Where ‘The River’ Flows

Besides, she had no other choice because each time they fought there were so many of us and, over their years of marriage, more on the way. He wasn’t used to losing. But this time, in the afternoon, he lost. He lost his life. It was the day our lives changed forever.

Mother was at the counter cutting vegetables with the kitchen knife to cook for supper. I was sitting at the kitchen table with my two brothers, playing a board game, when we heard the tread of Father’s boots coming down the hall. It all happened so fast, we never had time to get frightened. He stormed into the kitchen, straight towards Mother in a drunken rage, still mad from their fight that morning. The boys, sensing Mother’s immediate peril, jumped on his shoulders. As he threw them off, Mother broke from his grip. I remember hearing him yell, “You’re going to get a beating now, Laticia.”

I ran down the hall following Mother, who was so scared he’d catch her. She knew Father would outrun her on the railway track behind our house, which went on forever, if she went out the back porch door, and she might best get to the safety of the neighbour’s house if she went out the front. I quickly thought about how I could help slow him down. I crouched down to trip Father up and down he went. He was drunk, so it was easy. He got up, grabbing her again at the front door, and they tumbled, struggling together, into the front yard. My brothers and sisters, hearing the ruckus, ran and watched from the front window.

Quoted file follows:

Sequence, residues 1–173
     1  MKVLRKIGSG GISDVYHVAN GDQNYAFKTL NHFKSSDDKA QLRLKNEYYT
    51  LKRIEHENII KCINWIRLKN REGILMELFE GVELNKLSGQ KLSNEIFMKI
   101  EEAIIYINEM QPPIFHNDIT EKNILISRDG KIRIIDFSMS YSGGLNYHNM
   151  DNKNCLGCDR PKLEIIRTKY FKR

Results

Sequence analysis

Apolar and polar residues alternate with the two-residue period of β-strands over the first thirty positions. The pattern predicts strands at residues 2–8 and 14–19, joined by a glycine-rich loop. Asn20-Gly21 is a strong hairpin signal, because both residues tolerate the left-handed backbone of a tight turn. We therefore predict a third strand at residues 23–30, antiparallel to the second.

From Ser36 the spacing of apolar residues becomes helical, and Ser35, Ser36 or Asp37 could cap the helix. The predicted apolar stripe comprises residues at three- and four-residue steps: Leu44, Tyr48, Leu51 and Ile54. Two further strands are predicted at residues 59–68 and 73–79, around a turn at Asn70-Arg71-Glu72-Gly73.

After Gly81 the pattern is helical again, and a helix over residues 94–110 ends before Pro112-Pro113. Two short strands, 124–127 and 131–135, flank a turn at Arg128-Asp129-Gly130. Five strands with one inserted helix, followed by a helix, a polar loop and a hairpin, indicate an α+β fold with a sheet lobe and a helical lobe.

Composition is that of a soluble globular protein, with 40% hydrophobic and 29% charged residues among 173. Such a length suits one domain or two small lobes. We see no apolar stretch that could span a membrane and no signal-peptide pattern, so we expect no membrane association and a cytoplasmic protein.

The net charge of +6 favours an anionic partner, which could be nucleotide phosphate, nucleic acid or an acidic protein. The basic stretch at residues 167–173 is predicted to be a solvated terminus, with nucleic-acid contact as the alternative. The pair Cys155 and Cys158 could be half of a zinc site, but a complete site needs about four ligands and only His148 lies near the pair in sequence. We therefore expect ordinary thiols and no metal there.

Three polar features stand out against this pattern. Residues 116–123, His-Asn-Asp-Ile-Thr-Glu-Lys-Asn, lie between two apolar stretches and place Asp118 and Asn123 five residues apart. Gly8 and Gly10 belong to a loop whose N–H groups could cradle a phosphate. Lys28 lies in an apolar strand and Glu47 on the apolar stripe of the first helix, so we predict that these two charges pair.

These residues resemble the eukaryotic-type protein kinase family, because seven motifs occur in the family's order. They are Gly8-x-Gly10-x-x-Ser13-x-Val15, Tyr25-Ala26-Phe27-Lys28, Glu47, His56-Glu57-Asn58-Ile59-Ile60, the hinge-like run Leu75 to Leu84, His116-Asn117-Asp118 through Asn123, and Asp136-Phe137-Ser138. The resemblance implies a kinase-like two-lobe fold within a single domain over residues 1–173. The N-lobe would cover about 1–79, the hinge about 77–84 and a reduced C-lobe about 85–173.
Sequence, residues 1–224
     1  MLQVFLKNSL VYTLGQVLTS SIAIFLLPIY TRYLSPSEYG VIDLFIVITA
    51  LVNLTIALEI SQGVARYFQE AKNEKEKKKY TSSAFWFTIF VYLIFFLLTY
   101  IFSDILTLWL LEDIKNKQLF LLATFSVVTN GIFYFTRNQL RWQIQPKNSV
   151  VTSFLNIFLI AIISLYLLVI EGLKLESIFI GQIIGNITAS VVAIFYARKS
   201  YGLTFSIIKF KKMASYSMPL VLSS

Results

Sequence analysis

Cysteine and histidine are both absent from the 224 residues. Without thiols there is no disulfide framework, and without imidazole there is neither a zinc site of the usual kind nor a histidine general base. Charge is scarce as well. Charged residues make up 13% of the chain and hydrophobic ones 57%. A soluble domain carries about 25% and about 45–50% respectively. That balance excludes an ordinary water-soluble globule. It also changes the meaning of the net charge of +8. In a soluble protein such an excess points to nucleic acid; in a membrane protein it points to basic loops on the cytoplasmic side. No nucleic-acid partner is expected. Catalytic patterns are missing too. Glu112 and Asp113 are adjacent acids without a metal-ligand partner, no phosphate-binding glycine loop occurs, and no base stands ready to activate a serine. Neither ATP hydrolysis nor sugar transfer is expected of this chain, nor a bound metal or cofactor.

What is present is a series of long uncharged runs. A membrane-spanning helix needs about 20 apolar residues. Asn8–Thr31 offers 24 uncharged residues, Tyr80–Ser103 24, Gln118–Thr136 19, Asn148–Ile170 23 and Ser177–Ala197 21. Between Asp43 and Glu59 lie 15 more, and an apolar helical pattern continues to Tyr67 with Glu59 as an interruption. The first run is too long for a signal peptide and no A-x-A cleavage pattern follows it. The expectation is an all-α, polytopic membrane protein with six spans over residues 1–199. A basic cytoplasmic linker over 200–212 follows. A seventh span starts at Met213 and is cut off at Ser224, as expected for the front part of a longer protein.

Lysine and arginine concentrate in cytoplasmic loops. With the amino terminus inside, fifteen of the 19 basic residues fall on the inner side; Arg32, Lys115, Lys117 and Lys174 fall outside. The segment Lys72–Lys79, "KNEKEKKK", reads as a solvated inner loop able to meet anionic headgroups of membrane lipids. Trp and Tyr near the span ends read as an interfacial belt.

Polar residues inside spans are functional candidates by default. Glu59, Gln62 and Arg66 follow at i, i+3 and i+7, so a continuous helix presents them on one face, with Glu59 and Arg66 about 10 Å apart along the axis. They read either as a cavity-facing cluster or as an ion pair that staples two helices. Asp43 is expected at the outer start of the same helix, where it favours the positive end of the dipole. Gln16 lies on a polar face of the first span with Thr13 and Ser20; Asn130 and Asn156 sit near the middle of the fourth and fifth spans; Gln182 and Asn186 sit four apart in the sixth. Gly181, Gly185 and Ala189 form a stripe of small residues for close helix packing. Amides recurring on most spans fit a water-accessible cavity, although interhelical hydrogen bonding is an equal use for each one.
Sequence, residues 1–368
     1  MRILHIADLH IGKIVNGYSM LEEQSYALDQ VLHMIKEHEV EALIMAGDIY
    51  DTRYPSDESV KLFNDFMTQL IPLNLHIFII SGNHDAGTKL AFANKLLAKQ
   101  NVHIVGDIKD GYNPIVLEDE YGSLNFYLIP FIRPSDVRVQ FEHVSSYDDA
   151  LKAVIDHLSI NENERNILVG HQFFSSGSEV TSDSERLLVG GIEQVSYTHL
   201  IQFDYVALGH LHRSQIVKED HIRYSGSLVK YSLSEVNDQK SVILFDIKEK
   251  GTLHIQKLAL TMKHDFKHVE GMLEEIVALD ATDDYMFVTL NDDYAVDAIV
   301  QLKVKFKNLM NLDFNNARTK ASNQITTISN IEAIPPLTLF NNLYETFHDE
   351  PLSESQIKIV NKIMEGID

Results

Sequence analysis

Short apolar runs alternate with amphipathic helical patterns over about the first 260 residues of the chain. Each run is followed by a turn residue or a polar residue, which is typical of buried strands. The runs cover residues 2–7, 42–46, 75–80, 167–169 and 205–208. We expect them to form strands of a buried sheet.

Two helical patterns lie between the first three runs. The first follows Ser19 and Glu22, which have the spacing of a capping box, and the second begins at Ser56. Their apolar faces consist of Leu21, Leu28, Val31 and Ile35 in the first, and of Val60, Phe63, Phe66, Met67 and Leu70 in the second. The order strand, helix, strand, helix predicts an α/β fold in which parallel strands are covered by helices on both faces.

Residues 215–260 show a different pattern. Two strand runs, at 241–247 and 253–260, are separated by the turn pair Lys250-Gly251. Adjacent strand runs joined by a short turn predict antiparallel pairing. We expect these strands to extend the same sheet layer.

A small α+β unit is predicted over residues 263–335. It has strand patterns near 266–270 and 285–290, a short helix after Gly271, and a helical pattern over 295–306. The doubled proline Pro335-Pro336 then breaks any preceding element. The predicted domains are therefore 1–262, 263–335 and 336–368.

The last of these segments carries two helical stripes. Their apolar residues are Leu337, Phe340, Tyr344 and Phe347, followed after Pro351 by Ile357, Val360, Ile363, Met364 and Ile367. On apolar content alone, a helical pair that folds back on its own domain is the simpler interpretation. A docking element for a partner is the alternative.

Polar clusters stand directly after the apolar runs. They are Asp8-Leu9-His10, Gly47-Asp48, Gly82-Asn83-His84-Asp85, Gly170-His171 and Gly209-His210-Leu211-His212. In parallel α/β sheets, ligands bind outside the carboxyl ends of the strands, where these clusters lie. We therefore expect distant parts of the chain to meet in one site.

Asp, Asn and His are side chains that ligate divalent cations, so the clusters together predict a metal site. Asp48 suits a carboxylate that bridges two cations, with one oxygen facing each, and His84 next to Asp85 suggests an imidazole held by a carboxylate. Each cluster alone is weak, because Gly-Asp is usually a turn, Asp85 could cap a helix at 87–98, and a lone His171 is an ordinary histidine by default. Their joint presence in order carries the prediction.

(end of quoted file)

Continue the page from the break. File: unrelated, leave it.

It was as though time stood still that day. I remember placing my hands on Mother’s shaking shoulders as she sat on the grass, staring at her bloodied hands, saying “I killed Anthony, oh goodness, Susan, he fell onto the knife, I accidentally killed him. Anthony’s dead.” The officer standing over her was saying “Come with me. I will take you to the hospital.”

I remember being in bed at the neighbour’s house later that evening. Mother must have thought we were all asleep in the same room they had made up for us when she came back from the hospital because I heard her say, “Poor kids, look what they’ve got to face in the morning.”

We were somewhat prepared because Mother had prepared us so many times. Whatever rampage he was on we learned to scram until the dust settled. Father liked to have the boys’ hair cut close like military style, they were his little soldiers. Sometimes he would march through the hallway, at a good pace in his military boots he wore, as though he were back in the army. We would hide in the closets and not make a sound. My sister remembers it being like a game. He would not find anybody and leave.

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Beverley Anne Callahan, from Riverhead, Harbour Grace, Conception Bay North, near the community where the Hermit lived, resides in Mount Pearl, NL.
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